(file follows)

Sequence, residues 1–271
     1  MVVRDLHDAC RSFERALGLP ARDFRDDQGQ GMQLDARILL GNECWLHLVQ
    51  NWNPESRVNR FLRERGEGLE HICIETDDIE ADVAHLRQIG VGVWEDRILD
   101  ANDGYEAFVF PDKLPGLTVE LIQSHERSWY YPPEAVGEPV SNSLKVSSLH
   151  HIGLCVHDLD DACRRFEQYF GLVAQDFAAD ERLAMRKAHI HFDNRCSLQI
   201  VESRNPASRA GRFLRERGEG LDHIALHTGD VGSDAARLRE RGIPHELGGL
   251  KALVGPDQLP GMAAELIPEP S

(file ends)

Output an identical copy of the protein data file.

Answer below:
Sequence, residues 1–271
     1  MVVRDLHDAC RSFERALGLP ARDFRDDQGQ GMQLDARILL GNECWLHLVQ
    51  NWNPESRVNR FLRERGEGLE HICIETDDIE ADVAHLRQIG VGVWEDRILD
   101  ANDGYEAFVF PDKLPGLTVE LIQSHERSWY YPPEAVGEPV SNSLKVSSLH
   151  HIGLCVHDLD DACRRFEQYF GLVAQDFAAD ERLAMRKAHI HFDNRCSLQI
   201  VESRNPASRA GRFLRERGEG LDHIALHTGD VGSDAARLRE RGIPHELGGL
   251  KALVGPDQLP GMAAELIPEP S